There are some really interesting people on WLR! It can be like going to a great drinks party where everyone is friendly and you are guaranteed good conversation.
I’ve never entered the chat room without virtually every single person in the room stopping to say hello to me.
Suzanne's Tips for Losing Weight
I don’t think my tips are any different from all the others that I’ve read (weigh your food, at least in the beginning etc) but here are some in no particular order that have particularly helped me:
1. Drink water every day. Preferably 2 litres over the space of each and every day.
I really find that a lot of the times when I think I want something to eat, it’s thirst. If you don’t like water try build up to 2 litres slowly over the period of a couple of week. Or replace water with herbal tea.
It will keep your system cleansed and I find that I actually lose more weight when I’m drinking a good amount of water. I
f you can steer clear of the fizzy drinks (even the low cal ones), they’re just not that great for your poor old hard working body.
2. Do some exercise on a regular basis if you are physically able.
Set your exercise level at something you will be able to keep up in the long term.
It’s better to do a small amount of exercise 2 or 3 times a week for the rest of your life than start off doing something 5 days a week but give up after 1 month.
3. Eliminate the word ‘diet’ from your brain.
Look at using WLR as a way of eating healthily for life. Don’t look at it as going on a diet, otherwise when you come off your diet you are more likely to put back on the weight by going back to your old eating habits.
4. Eat foods that keep you balanced and craving-free.
A lot of the time that we crave foods it’s because we are addicted to certain products i.e. sugar.
If you can cut them out and replace them with healthy alternatives e.g. fruit sugar instead of cane sugar, you will find that your body will become more balanced and you will start to want foods that are good for your body.
Eat a large portion of salad or vegetables with every meal.
5. Look at your relationship with food.
I think the biggest realisation that I had was that I had to change my relationship with food. I would (and still do sometimes) comfort eat, especially at night.
So now I keep my favourite fruits (currently strawberries 450g is 124 cals) for a late night snack.
Work out what’s good for your body and when to eat it. I find that 5 or 6 small meals in a day really works for me, it stops me getting cravings for things.
I also find that eating raw only after about 8pm really helps me.
If I do go out for a late evening dinner and eat a heavy meal for some strange reason I wake up the next morning more hungry than I would usually be.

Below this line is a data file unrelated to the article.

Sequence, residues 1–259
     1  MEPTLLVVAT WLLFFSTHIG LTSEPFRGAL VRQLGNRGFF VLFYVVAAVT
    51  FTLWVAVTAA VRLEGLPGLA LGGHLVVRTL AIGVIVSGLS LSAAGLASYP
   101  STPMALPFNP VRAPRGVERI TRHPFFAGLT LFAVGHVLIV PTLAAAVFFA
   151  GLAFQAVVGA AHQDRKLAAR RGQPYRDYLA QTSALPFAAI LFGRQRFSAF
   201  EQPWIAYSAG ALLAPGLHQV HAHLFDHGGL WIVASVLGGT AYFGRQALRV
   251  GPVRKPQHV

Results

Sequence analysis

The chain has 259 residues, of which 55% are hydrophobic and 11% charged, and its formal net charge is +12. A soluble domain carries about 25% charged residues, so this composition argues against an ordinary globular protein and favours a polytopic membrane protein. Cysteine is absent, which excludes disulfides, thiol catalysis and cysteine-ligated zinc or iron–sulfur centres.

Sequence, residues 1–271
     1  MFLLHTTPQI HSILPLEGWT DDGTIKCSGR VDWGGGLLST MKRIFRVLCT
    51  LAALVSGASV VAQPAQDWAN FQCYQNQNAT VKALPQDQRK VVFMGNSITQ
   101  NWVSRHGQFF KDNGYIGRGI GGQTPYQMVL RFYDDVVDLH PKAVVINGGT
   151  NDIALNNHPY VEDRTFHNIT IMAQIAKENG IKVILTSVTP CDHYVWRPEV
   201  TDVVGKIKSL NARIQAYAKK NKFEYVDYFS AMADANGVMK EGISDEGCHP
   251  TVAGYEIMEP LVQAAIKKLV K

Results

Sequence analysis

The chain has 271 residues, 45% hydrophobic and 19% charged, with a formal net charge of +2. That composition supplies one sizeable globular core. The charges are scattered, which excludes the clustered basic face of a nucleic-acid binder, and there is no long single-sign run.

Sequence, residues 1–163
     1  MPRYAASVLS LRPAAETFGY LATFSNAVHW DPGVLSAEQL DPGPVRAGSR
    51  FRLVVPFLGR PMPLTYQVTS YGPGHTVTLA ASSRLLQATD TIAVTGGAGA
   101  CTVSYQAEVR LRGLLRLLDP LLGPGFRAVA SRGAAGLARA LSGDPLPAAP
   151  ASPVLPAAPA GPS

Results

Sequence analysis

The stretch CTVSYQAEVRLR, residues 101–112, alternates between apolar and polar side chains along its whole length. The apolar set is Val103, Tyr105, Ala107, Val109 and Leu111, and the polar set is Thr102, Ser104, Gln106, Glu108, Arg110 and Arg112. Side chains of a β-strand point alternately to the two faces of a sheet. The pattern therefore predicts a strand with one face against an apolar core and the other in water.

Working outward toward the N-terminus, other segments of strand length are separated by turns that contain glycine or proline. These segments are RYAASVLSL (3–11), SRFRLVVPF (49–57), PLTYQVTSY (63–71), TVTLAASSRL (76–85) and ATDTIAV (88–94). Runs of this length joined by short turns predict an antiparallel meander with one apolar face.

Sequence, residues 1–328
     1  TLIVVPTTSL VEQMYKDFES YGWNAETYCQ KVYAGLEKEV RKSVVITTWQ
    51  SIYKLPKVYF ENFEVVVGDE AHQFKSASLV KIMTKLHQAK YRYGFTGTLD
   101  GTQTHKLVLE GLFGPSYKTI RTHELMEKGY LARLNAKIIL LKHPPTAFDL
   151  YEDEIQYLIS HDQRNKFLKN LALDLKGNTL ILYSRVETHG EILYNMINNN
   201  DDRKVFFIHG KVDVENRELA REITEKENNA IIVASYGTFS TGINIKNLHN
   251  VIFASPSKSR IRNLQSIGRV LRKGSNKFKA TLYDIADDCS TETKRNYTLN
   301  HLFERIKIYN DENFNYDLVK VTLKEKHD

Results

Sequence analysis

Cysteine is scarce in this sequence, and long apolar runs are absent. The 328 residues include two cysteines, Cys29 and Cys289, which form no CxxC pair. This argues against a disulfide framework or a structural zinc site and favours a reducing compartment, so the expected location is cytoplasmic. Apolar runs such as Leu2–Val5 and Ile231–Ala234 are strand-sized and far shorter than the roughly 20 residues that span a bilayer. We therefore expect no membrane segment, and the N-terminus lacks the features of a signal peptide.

6. Start your day off with a large mug of warm water with lemon juice.
It’s gentle on your stomach, is great for your skin and cleanses your body.
7. Don’t skip breakfast (preferably a sensible one).
It really sets you up for the day.
8. Chew your food well and sit down to eat it.
Chewing your food properly gives your brain enough time to know that you are full and makes it easier for your stomach to digest.
I think we should chew each mouthful 35 times. I still struggle with this one!
9. Know what your weaknesses are and put a plan in place to combat them.
I’m fine so long as I stay within a good routine of writing down what I eat, reading the message boards, doing exercise and not putting myself in stressful or upsetting situations.
But I found that as soon I stopped I would blink and realise that I’d fallen off the wagon for weeks and sometimes months.
Now if I don’t enter my food for a couple of days I try and keep a note of it, and if I’m too scared to enter the food in I read the message boards until I get the courage up to go back to entering in my food diary.
I also enlist the help of friends both at WLR and outside to remind me to get back into a good routine.
10. Remember that something done everyday for a month will become a habit.
So build good habits with your food and exercise.
11. Get support to keep you going.
I have an exercise buddy, we meet three / four mornings a week to run in the park. Knowing that I have to meet my buddy is the only thing that gets me out of bed in the morning.
For me if I have some one to work with it helps me to keep going, so I have an exercise buddy and now I’ve found my weight loss buddies on WLR it’s brilliant.
We give each other support when we are down and it’s great to have someone to celebrate with when you lose that elusive 2lb.
12. Don’t beat yourself up for falling off the wagon.
If I religiously followed all the tips above I’d have been at goal a long, long time ago, but hey each time I fall off I learn something new about myself.
I think I’ve talked enough, but if I can do it, anyone can do it.
"Work out what’s stopping you losing weight (it’s not always just as simple as eat less) and figure out how to deal with what’s stopping you losing weight."
Oh yes and something for when you’ve “only” lost a pound.
Have you seen how much a pound is – look at a pound of butter, that’s a lot of weight.
You can use the tools of Weight Loss Resources to set your weight loss goals and keep track of your results. Try it free for 24 hours
* Note: The success stories published on Weight Loss Resources are written by WLR members, past and present, telling their own stories in their own words. As you will see if you read more than one or two of them, everyone's story is different and they have reached their success from a variety of starting points and lost weight at varying rates. Individual results may vary.